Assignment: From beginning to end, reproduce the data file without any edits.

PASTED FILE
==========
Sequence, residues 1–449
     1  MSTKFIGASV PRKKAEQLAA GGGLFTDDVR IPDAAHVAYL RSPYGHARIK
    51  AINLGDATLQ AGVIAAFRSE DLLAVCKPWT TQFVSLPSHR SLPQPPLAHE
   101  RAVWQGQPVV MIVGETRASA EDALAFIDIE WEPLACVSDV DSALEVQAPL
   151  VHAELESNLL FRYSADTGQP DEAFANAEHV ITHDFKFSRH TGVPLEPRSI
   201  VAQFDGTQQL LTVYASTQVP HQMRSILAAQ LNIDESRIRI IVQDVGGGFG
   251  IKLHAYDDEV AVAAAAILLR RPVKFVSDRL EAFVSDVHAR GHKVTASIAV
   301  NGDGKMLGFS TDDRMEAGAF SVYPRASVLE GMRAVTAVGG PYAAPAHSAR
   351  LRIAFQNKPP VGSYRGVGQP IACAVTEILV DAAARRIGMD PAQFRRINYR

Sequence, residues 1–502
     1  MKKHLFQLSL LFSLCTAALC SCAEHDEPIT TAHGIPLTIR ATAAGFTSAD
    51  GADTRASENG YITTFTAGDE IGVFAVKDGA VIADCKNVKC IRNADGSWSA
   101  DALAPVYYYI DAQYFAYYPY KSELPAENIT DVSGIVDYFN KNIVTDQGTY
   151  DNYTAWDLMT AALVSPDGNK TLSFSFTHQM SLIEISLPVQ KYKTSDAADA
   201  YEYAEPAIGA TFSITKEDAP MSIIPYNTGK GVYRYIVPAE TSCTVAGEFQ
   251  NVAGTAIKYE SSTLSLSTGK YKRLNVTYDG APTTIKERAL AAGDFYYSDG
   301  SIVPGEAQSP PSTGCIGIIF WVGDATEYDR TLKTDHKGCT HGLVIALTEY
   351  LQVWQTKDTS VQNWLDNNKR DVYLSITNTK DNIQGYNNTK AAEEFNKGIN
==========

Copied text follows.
Sequence, residues 1–449
     1  MSTKFIGASV PRKKAEQLAA GGGLFTDDVR IPDAAHVAYL RSPYGHARIK
    51  AINLGDATLQ AGVIAAFRSE DLLAVCKPWT TQFVSLPSHR SLPQPPLAHE
   101  RAVWQGQPVV MIVGETRASA EDALAFIDIE WEPLACVSDV DSALEVQAPL
   151  VHAELESNLL FRYSADTGQP DEAFANAEHV ITHDFKFSRH TGVPLEPRSI
   201  VAQFDGTQQL LTVYASTQVP HQMRSILAAQ LNIDESRIRI IVQDVGGGFG
   251  IKLHAYDDEV AVAAAAILLR RPVKFVSDRL EAFVSDVHAR GHKVTASIAV
   301  NGDGKMLGFS TDDRMEAGAF SVYPRASVLE GMRAVTAVGG PYAAPAHSAR
   351  LRIAFQNKPP VGSYRGVGQP IACAVTEILV DAAARRIGMD PAQFRRINYR

Sequence, residues 1–502
     1  MKKHLFQLSL LFSLCTAALC SCAEHDEPIT TAHGIPLTIR ATAAGFTSAD
    51  GADTRASENG YITTFTAGDE IGVFAVKDGA VIADCKNVKC IRNADGSWSA
   101  DALAPVYYYI DAQYFAYYPY KSELPAENIT DVSGIVDYFN KNIVTDQGTY
   151  DNYTAWDLMT AALVSPDGNK TLSFSFTHQM SLIEISLPVQ KYKTSDAADA
   201  YEYAEPAIGA TFSITKEDAP MSIIPYNTGK GVYRYIVPAE TSCTVAGEFQ
   251  NVAGTAIKYE SSTLSLSTGK YKRLNVTYDG APTTIKERAL AAGDFYYSDG
   301  SIVPGEAQSP PSTGCIGIIF WVGDATEYDR TLKTDHKGCT HGLVIALTEY
   351  LQVWQTKDTS VQNWLDNNKR DVYLSITNTK DNIQGYNNTK AAEEFNKGIN